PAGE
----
I awoke at 7am. Over my right eye I had what felt like a nail sticking in it, on closer inspection I was nail clear but but not pain free. Had I banged my head? Concussion? Skull fracture? As I came round I remembered; oh yeah, hangover. I got out of bed stumbled into the bathroom and surveyed the figure before me in the mirror. My hair was a 360 degree matt of points. The paleness of my skin and bags under my eyes only helped to highlight the redness of my pupils. I was in trouble. I took some headache tablets and fairly quickly brought them back up. How could I re-hydrate myself with no water to drink – easy; long shower and my body would fulfill this obligation through osmosis. Didn’t work. I was beginning to get the fear. Right come on get it together, stages: Stage One – leave room and check out, Stage Two – Bus to Airport, Stage Three – Check In at Airport, Stage Four – Fly, Stage Five – Drive 4 hrs home……the fear increased.

Stage One, Two and Three went as well as could be expected. I had some sick, sweated, panicked and doubted my own ability to cope but I made it to boarding. I had begun to feel better and had at least managed to drink a Powerade and converse with some work colleagues. The flight would be ok, I would sleep and I would be back home before I knew it. Things were looking up and I began to regain control, I even inspected a gentleman’s outfitters in Naples Airport full of tweed, brogues and waistcoats. I boarded the plane and strapped myself in and readied for the exhilaration of take-off.

The engines roared and strained and we thundered down the runway and left Italy behind. As we climbed I felt something twinge in my stomach and then again. I repositioned myself in the seat and tried to get on with the more important business of completing a decent round on Tiger Woods Golf. At around 25,000 ft and 15mins into the flight, I suddenly felt very unwell. I calmly got out of my seat and walked to the back of the plane to the toilet. I spent the next 10mins talking to God and feeling very sorry for myself. I came out of the toilet and came face to face with a cabin crew member called Lee.

“Are you feeling unwell?” asked Lee sympathetically.

“Yes.” I murmured.

“Have you been sick?”

“Yes.”

“Is it a hangover?”

“Yes.” I whimpered, looking forlorn and helpless like a worm on the pavement, “Is it ok if I stand here for a bit?”

Lee said it was fine and he handed me a bottle of water with strict instructions to take small sips. Very soon standing became an issue so a squatted down, then sat on the floor, then kind of slumped in the corner. Then I discovered there was a flip down seat used by the cabin crew and so I flipped and sat. Sitting then became an issue and a quick visit back to the toilet ensured I got rid of any excess water I had managed to keep on board in the last 5 mins.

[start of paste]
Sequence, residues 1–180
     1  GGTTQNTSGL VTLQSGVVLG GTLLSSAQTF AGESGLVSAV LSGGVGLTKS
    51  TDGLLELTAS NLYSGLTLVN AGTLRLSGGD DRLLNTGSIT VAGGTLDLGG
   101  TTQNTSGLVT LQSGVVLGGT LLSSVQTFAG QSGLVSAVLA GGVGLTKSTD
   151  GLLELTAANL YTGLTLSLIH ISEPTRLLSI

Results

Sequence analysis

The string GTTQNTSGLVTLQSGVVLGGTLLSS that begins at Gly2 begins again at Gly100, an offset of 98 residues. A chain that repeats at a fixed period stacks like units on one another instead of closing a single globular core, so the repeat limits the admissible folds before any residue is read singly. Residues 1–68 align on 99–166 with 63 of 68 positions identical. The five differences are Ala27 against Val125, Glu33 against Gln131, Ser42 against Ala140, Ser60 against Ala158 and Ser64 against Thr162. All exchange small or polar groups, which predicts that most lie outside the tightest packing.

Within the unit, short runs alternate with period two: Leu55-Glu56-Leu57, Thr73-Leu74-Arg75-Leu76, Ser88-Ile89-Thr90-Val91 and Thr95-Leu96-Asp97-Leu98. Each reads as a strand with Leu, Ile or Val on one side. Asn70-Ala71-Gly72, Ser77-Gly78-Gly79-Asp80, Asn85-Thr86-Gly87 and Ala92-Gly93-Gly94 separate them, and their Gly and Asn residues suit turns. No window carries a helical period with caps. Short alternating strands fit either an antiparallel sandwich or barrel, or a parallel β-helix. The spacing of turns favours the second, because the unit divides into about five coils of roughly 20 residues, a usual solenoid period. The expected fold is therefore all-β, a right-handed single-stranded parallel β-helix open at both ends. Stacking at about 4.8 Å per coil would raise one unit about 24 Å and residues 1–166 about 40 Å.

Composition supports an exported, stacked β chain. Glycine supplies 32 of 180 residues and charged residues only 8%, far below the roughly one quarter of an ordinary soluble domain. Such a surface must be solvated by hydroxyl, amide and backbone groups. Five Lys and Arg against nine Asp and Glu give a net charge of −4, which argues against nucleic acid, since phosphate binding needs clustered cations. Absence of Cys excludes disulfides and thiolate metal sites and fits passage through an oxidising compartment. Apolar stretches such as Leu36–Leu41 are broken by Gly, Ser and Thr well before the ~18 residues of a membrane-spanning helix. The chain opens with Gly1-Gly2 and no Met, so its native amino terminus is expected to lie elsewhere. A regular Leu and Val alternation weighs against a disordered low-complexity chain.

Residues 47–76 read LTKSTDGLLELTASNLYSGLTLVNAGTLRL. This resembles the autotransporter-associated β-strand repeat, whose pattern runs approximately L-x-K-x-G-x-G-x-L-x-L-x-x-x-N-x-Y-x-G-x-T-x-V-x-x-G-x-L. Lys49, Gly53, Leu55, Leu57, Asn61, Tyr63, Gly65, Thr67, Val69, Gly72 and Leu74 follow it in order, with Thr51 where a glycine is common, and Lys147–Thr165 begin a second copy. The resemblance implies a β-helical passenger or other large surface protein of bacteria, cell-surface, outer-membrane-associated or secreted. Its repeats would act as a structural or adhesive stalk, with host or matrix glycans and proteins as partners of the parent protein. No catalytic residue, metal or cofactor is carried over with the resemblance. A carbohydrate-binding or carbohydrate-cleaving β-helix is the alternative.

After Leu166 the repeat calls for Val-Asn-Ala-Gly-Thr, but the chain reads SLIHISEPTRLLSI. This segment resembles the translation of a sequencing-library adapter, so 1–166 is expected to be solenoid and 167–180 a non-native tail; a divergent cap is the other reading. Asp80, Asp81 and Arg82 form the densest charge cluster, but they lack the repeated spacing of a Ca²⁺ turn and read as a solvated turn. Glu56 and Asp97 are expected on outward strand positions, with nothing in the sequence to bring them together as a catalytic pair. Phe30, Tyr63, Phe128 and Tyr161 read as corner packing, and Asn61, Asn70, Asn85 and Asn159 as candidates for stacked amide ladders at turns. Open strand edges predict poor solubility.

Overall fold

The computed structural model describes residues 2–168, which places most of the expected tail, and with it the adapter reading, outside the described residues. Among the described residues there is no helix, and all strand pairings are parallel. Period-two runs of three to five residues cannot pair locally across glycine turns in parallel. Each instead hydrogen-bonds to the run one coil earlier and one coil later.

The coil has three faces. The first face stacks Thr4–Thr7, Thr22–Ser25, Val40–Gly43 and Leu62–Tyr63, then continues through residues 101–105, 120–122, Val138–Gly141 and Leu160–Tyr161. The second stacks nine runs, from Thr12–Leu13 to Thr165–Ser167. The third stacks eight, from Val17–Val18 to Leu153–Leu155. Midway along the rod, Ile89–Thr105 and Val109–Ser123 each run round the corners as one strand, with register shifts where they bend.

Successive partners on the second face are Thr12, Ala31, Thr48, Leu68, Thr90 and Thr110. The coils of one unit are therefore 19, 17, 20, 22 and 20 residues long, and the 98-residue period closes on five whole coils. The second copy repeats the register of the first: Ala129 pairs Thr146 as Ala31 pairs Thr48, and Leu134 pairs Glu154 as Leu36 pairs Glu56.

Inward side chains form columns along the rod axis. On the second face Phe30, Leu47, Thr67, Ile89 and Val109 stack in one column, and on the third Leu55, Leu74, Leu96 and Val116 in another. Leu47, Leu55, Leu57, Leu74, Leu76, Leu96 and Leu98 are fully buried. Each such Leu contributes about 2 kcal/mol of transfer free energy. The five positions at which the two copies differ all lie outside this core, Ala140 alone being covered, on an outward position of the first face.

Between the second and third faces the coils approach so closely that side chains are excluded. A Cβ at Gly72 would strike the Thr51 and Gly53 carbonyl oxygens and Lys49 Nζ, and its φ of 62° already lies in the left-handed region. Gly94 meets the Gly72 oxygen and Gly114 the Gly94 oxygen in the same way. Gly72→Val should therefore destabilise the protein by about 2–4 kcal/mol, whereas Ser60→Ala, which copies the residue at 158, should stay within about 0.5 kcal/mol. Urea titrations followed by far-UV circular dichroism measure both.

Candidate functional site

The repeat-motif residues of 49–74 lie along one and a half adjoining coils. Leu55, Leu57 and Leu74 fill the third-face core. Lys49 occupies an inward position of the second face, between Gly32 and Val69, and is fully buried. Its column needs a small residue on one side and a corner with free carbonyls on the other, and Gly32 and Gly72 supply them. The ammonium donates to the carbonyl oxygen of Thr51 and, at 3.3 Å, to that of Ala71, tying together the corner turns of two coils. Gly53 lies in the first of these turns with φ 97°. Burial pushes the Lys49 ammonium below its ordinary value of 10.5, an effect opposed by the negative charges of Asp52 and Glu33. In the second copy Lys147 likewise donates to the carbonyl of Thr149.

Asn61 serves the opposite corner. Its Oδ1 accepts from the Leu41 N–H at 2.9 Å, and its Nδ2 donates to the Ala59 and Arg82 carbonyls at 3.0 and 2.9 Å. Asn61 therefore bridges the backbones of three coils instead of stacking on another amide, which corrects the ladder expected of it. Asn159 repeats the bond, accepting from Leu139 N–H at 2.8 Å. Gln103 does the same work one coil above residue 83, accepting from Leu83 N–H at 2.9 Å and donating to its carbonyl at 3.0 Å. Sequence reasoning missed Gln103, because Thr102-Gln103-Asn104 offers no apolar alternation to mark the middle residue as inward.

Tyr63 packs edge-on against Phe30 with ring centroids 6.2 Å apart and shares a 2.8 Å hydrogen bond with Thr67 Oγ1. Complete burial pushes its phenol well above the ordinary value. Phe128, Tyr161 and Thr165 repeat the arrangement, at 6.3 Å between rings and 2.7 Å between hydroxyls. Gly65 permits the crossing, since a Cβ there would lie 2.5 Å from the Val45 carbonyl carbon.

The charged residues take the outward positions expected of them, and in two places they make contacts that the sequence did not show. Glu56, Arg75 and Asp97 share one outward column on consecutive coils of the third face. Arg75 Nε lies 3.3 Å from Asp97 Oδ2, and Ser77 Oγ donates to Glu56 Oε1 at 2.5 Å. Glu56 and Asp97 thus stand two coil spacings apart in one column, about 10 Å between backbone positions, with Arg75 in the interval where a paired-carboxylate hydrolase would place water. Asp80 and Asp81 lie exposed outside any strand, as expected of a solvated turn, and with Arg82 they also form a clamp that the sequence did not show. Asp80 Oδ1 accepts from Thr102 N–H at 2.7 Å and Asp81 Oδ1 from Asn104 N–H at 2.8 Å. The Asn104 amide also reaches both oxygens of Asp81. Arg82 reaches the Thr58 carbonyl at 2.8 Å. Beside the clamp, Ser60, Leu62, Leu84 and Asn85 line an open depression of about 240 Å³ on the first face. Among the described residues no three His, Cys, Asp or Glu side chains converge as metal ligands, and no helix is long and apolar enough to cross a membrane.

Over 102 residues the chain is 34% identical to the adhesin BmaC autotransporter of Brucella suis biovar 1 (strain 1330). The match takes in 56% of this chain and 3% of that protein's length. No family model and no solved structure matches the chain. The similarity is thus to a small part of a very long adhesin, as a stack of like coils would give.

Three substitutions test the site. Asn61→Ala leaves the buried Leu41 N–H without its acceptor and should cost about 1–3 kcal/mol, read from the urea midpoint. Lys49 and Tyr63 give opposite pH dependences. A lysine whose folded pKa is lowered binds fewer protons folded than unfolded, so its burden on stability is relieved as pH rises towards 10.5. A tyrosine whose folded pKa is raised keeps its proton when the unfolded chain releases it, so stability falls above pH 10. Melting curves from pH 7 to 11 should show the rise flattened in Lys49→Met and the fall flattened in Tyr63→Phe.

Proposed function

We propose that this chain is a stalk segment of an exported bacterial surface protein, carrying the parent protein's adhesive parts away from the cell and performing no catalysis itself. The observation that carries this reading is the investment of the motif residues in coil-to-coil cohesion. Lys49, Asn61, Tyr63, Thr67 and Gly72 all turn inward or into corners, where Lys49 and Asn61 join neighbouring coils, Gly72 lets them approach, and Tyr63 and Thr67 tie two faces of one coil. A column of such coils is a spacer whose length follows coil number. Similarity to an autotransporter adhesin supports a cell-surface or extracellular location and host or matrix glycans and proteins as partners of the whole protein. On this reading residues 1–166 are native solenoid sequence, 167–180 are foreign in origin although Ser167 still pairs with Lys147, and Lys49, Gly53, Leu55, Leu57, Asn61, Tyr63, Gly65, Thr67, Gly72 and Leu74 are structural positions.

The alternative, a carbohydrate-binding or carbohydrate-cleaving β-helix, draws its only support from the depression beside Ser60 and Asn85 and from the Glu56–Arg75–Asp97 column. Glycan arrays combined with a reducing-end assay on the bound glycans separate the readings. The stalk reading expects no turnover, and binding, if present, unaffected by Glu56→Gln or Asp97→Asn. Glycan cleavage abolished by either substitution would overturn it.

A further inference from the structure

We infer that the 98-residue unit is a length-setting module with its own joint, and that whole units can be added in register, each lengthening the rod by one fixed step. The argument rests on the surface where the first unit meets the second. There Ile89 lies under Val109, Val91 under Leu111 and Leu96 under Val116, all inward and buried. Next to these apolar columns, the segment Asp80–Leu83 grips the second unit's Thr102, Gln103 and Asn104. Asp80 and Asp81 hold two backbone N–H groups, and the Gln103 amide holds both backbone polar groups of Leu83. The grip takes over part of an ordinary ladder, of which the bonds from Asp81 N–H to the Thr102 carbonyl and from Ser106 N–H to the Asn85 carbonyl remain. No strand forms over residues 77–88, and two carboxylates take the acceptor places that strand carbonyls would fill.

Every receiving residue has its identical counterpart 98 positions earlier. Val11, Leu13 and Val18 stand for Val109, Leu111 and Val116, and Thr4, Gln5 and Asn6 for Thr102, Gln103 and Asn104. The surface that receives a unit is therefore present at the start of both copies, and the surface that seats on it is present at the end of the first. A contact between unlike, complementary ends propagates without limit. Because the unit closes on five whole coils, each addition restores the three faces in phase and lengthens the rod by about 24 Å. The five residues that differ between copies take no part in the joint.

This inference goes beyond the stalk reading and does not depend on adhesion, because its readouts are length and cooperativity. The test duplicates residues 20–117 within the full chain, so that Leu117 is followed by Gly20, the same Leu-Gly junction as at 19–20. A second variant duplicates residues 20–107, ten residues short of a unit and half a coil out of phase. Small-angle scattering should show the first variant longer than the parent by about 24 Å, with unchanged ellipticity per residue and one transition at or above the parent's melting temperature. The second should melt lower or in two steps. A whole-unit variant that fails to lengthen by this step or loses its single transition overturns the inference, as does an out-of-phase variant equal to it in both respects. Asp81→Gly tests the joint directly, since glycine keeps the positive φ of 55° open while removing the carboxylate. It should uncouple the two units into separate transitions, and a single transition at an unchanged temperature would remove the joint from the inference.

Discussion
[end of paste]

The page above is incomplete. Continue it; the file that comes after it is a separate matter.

Word quickly spread through my work colleagues that I was in a slightly bad way. One by one they came to see me offering me advice and telling me I didn’t look good. My chameleon impression went down very well with the transition between white and green being almost instantaneous. Things were bad. With 1.5 hours of flying still to go I began to get the fear badly. I needed to get out, I could not cope with this feeling any longer it was without any doubt the worst hangover I could remember. EasyJet Lee reassured me that hangovers were indeed much worse on a plane due to the altitude and cabin pressure and he assured me that I would never do it again. More helpful advice. The next hour passed slowly. Trips to the toilet and back kept me entertained, as entertaining as that can be. I thought about worse things I could be doing like a 24hr X-Factor Marathon or pulling my own toe nails off with pliers.

Lee had given up with the water and was nursing me better with Ginger Ale, smiles and ‘campness’. On one occasion he returned from a drinks run asking if I wanted a “Greasy bacon sandwich?!?”. I reached out and tapped Lee on the wrist and said, “Oh Lee I think we both know that’s not a good idea!” The campness was catching I didn’t have long! This led me to think about whether hangovers can cause campness? Results to follow…

The last 30mins passed uneventfully, I could see the end and had in fact began to feel normal. We landed and with the seatbelt light off I got up to get my bag. I walked again to the back of the plane to debark and Lee was stood offering his regards and farewell wishes. I approached Lee and he put out his hand. I bypassed his hand and gave him a hug. Lee was my knight in orange armour, my Florence Nightingale, my EasyJet ‘Chatty Man’ and I was very grateful he had got me home!

The lesson to be learnt here boys and girls is not to fly with a hangover. It is an horrific, fear inducing, tear jerking, body twerking experience (for the record there was no twerking between myself and Lee on the flight). It really is not worth it and two days after I am still recovering. Big thanks to Lee and EasyJet and I am sorry for taking up your precious cabin space with my languid and pitiful form.

Keep it unreal

Ben